SFRS urging communities to be prepared ahead of Storm Gertrude

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Scottish Fire and Rescue Service will monitor the progress of Storm Gertrude and react swiftly to keep communities across Scotland safe


STORM GERTRUDE, the next winter storm to affect Scotland, is forecast to bring wet, windy and wintry weather to communities across the country tomorrow and Scottish Fire and Rescue Service is urging people to stay safe.

The Scottish Fire and Rescue Service (SFRS) has already been involved in emergency responses, along with other partner agencies at flooding and water rescue incidents in the Borders and in Dumfries and Galloway over the past two days.

The Met Office has issued amber "be prepared" and yellow "be aware" warnings for Scotland with an amber warning for high winds in place from 3.00am until 10.00am on Friday. Heavy rain throughout Friday is expected to be followed by icy and wintry conditions into Saturday.

SFRS will continue to monitor the situation across Scotland as the effects of Storm Gertrude begin to be felt. Resources are in place to support local communities using specialist equipment to prevent and reduce the impact of flooding on domestic and commercial properties and ultimately keep them safe and allow them to prepare for the expected weather over the next 24 hours.

In addition to the already present strong winds and rain in some areas of the country, forecasters are also predicting wintry weather, including snow and ice. During this period of unsettled weather, people are advised to stay up to date with the latest Met Office forecasts and National Severe Weather Warnings and find out what to do in severe weather so they can plan ahead for the weather in store.

The main risks normally associated with weather patterns such as this are flooding and loss of power due to the wind and rain. As a result the public may find themselves in a situation where their homes are affected. The Fire Service would like to remind anyone who finds themselves without power or water entering the home that they can take a few simple steps to ensure, they are not placed in any additional risk from fire.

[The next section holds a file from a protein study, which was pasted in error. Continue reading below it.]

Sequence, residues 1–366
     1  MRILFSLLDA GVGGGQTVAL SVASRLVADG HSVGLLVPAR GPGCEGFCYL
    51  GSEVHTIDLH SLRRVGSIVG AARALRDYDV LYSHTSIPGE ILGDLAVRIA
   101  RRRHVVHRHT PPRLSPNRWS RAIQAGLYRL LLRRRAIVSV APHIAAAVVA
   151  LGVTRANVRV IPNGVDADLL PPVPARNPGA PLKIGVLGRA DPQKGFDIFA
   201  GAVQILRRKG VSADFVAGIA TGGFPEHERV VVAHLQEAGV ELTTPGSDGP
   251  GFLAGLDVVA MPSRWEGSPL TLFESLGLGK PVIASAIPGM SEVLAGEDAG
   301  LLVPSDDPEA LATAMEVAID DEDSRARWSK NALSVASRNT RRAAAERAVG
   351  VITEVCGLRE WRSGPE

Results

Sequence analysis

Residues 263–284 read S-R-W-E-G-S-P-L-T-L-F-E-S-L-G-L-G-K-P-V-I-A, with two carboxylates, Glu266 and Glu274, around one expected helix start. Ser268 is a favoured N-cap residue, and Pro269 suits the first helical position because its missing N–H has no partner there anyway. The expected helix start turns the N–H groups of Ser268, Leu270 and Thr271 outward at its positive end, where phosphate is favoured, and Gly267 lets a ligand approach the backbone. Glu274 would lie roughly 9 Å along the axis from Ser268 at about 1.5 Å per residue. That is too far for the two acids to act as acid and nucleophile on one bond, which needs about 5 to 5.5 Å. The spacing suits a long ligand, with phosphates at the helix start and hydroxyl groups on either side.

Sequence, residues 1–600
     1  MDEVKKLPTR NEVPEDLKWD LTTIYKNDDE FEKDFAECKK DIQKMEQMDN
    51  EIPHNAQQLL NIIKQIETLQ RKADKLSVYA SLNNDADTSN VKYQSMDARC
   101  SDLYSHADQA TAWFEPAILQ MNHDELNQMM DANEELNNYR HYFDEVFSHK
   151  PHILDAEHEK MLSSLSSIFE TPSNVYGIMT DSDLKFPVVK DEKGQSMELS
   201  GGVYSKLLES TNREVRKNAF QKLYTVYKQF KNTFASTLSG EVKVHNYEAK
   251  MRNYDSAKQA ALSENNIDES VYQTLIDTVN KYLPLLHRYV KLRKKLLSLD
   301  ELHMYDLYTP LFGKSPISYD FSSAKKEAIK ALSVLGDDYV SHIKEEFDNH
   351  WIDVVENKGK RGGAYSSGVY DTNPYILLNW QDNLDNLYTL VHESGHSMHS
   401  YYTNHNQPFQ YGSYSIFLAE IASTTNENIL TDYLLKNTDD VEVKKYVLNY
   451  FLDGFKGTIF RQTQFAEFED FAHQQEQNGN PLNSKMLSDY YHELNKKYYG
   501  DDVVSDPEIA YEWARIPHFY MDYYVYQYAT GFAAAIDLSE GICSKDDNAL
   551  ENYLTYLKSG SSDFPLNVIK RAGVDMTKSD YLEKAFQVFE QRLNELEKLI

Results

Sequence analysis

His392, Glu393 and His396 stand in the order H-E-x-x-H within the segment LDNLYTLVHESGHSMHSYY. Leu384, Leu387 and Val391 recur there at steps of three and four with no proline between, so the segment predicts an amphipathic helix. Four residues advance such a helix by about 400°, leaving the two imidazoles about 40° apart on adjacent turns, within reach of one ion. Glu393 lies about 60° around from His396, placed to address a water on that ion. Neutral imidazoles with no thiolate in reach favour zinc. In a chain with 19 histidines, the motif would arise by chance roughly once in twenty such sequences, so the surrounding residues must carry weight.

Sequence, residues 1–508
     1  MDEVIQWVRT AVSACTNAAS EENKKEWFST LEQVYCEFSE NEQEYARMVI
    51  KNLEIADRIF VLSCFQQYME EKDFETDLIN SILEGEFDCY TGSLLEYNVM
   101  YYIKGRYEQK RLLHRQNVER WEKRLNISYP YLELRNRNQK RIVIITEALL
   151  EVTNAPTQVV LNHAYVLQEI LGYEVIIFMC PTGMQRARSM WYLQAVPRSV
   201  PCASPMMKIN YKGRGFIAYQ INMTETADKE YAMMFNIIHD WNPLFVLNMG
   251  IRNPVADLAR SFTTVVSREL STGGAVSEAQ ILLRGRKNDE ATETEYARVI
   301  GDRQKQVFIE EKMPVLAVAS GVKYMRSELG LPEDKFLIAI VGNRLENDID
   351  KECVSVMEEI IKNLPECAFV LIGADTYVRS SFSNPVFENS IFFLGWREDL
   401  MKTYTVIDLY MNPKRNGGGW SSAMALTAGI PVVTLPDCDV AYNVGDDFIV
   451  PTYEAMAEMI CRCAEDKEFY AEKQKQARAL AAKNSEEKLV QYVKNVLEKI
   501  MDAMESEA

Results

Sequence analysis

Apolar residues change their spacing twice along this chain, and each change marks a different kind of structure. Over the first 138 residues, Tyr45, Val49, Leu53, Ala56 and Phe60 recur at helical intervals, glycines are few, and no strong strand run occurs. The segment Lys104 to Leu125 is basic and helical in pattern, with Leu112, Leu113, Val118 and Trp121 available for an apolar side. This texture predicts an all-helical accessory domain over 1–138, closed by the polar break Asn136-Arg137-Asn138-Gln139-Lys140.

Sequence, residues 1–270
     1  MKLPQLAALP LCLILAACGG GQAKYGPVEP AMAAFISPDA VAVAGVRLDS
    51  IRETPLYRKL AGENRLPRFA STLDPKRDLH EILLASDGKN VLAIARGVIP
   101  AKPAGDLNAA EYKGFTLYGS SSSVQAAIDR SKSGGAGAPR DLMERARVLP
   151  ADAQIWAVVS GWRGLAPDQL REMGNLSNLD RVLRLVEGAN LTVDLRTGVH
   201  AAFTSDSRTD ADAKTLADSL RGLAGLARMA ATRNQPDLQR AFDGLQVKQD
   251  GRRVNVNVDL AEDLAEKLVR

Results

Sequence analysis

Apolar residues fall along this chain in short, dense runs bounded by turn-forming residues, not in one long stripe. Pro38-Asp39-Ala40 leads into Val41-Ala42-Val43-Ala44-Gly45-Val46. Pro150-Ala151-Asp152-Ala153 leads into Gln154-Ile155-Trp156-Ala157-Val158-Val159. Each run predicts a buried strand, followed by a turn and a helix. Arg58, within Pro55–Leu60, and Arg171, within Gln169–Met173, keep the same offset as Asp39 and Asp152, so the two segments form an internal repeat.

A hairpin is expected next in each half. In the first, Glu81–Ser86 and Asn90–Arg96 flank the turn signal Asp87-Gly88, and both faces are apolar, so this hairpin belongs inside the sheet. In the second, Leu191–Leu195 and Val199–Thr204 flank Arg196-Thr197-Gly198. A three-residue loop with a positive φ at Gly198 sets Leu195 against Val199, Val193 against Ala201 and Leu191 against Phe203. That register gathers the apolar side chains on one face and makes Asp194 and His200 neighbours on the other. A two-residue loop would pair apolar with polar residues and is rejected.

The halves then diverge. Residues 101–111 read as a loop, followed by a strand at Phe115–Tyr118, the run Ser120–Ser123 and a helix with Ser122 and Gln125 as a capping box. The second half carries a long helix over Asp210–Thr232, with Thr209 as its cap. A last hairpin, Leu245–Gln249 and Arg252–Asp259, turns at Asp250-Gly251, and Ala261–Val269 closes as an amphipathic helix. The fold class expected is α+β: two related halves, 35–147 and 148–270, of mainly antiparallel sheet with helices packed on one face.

When using candles never leave them unattended and make sure you blow them out when you leave the house or go to bed. Make sure that when in use, candles are secured in a proper holder and away from materials that may catch fire – like curtains, Christmas trees, decorations and toys.

Other tips include:

  • Children and pets should not be left alone with lit candles
  • Put candles out when you leave the room, and make sure they’re put out completely at night.
  • Trim the wick to ¼ inch each time before burning. Long or crooked wicks can cause uneven burning, dripping or flaring.
  • Don’t move candles once they are lit
  • Follow the manufacturer's recommendations on burn time and proper use.
  • Do not burn several candles close together as this might cause flaring (mainly with tea-lights).
  • Always make sure tea-lights are placed in a proper holder.  The foil container which tea lights come in can get very hot. They can melt through plastic, such as a bath, and have the potential to start a house fire.
  • Use a snuffer or a spoon to put out candles.  It’s safer than blowing them out when embers can fly.

The public can get further information on safety when using candles by using the link below:


If your home suffers a loss of power or is flooded and you are using portable heaters to heat or dry out your home here are some simple tips to keep you safe:

  • Keep heaters away from curtains and furniture and never use them for drying clothes.
  • Unplug or switch off portable heaters when you go out or go to bed.
  • Secure portable heaters in position to avoid the risk of them being knocked over
  • Only use gas or paraffin heaters in well-ventilated areas. Heaters consume oxygen and in enclosed spaces can produce harmful gases and/or cause carbon monoxide poisoning.
  • Fit a Carbon Monoxide detector in all rooms containing gas or paraffin heaters.
  • Never use portable gas cylinder heaters in high rise flats
  • Always change gas cylinders in the open air. Never change gas cylinders in an enclosed space.

If you or someone you know is vulnerable or may be at risk from fire please get in touch and arrange a FREE home fire safety visit with local firefighters by calling 0800 0731 999 or visit

A wide range of tips on how to keep yourself and your home safe from fire are available on the SFRS website:

Further resources:





SEPA (Scottish Environment Protection Agency) -


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